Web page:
We headed out for Bryce Canyon, early early early in the morning. My (Warren’s) flight departed at 6:05 AM from Raleigh-Durham Airport (RDU) in North Carolina. Little did I know that the chill morning air would be balmy compared to the majority of our time on the road.
Fortunately, ticketing, checking luggage, and security screening all went off without a hitch.
I was lucky enough to have a direct flight, although the anticipation of going to Bryce throughly destroyed my ability to sleep on the plane.
This was not a total loss. While I only managed a few decent photos through the smudged window, the views were great, as you can see.
My flight arrived almost a half hour ahead of schedule, which allowed me plenty of time to get my bag from the
forces of darkness baggage handlers before my cousin arrived.
We took a circuitous route to a nice little Jewish deli for a “light” Sunday breakfast (ok, I ended up getting Eggs Benedict) and had plenty of time to chat and catch up about the exciting nature of living in the desert and studying tortoises. No, really.
As the place started to fill up, we vacated our table to make way for others, and he dropped me back at the airport to pick up the rental car.
Now, “car” is a bit of a misnomer here. When one shows up at an airport car rental location in Las Vegas, you can expect… Well, a variety of options. You see, people come from all over the planet to do insane things, all for the right price.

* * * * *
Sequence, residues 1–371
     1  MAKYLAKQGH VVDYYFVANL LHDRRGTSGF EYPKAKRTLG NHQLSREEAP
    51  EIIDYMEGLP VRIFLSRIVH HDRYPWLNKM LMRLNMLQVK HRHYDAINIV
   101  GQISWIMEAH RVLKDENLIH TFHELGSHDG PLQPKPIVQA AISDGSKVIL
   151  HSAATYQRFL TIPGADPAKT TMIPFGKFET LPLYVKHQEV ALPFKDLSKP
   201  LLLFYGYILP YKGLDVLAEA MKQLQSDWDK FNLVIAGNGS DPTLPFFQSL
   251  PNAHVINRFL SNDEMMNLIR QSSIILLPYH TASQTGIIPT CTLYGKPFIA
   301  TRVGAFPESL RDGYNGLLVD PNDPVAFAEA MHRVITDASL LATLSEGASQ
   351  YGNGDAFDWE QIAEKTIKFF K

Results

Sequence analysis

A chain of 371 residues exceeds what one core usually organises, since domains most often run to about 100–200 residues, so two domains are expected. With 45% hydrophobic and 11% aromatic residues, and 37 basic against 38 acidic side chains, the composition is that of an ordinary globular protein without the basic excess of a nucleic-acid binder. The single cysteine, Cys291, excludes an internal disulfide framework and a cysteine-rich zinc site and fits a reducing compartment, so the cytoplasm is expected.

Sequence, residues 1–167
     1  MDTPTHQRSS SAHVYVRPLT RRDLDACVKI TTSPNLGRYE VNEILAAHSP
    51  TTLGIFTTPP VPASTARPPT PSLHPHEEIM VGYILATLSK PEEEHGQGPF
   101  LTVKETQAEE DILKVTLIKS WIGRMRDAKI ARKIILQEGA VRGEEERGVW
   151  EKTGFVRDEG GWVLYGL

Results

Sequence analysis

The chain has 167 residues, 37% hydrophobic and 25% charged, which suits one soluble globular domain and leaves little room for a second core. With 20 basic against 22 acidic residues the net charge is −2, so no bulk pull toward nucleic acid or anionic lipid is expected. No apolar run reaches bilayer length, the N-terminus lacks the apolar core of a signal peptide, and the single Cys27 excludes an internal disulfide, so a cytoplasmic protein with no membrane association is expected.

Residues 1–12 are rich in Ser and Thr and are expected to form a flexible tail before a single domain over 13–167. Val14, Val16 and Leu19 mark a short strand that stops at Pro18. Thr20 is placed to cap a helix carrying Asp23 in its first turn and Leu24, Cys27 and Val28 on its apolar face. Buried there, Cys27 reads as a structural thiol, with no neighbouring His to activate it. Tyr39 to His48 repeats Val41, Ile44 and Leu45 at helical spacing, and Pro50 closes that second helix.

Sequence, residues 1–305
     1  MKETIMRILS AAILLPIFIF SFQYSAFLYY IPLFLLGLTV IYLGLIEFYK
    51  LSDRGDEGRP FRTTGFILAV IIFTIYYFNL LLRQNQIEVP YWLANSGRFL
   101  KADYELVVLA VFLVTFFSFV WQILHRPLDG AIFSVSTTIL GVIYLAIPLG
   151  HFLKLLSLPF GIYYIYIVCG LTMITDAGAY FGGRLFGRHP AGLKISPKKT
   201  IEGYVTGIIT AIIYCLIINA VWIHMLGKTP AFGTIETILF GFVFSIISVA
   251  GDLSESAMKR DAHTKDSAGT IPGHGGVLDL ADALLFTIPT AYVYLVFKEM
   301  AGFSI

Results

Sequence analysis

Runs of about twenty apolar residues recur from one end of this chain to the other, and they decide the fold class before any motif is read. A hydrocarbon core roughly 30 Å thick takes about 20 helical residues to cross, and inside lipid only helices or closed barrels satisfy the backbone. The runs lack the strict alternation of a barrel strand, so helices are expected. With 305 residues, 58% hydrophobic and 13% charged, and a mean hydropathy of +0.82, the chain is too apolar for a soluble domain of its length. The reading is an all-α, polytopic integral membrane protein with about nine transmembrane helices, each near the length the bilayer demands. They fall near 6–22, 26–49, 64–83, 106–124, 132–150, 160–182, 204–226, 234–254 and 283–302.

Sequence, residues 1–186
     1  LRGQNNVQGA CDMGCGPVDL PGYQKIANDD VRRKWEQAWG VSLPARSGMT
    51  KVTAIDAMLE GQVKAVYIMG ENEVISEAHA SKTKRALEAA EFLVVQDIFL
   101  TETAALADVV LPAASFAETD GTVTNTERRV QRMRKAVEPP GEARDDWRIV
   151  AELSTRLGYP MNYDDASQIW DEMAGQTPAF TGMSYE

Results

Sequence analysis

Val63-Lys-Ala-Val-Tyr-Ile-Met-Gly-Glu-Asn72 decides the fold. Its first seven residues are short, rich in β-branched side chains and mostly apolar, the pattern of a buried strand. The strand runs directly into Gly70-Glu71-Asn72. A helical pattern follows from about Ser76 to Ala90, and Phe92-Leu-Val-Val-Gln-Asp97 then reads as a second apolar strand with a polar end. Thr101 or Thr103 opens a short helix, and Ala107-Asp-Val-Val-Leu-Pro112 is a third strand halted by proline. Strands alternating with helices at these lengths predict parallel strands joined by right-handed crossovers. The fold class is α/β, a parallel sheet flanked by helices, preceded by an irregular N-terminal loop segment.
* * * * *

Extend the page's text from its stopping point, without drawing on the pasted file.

Want to shoot a machine gun? We have a place for that.
Want to operate heavy machinery like a kid in a giant sandbox? Yep, that too.
So, I have a reservation for an SUV. (Cargo space for gear, place to change/shelter depending on the weather and facilities, etc.) I figured, “Well, they’ll probably have a few with 4×4 as an option. If the snow that was forecast for Bryce actually hit, we can be prepared.”
Great plan, right?
Unfortunately, this was the weekend of the Las Vegas Motor Speedway NASCAR race. (Remind me sometime to tell you the story of moving from Ohio to California on the weekend of the Indy 500. Apparently this is a theme for me.)
What does this mean? Apparently all the race fans felt they needed the 4×4 capabilities for driving across the rugged terrain of perfectly flat Vegas pavement. What did this leave me with for options?
The one 4×4 capable SUV in the entire parking structure, across multiple companies. (Apparently, they have sharing agreements between corporations.)
A Lincoln Navigator. I’ll spare you the heart-stopping details of what it cost after my discount, but it was significantly more than our two on-sale airfares put together.
This thing was huge. If you’ve not experienced one of these rolling barges, it should give you a sense of scale that we felt like we were in a vehicle of equivalent size and mass to a first-generation Hummer that we passed.
(Cynthia suggested when hungry at one point that we simply drive through a herd of deer. It certainly would have been worse for the deer than the vehicle, but I didn’t consider it sporting. Also, as Top Gear proved, cooking on the engine block with animal carcasses doesn’t always smell so good.)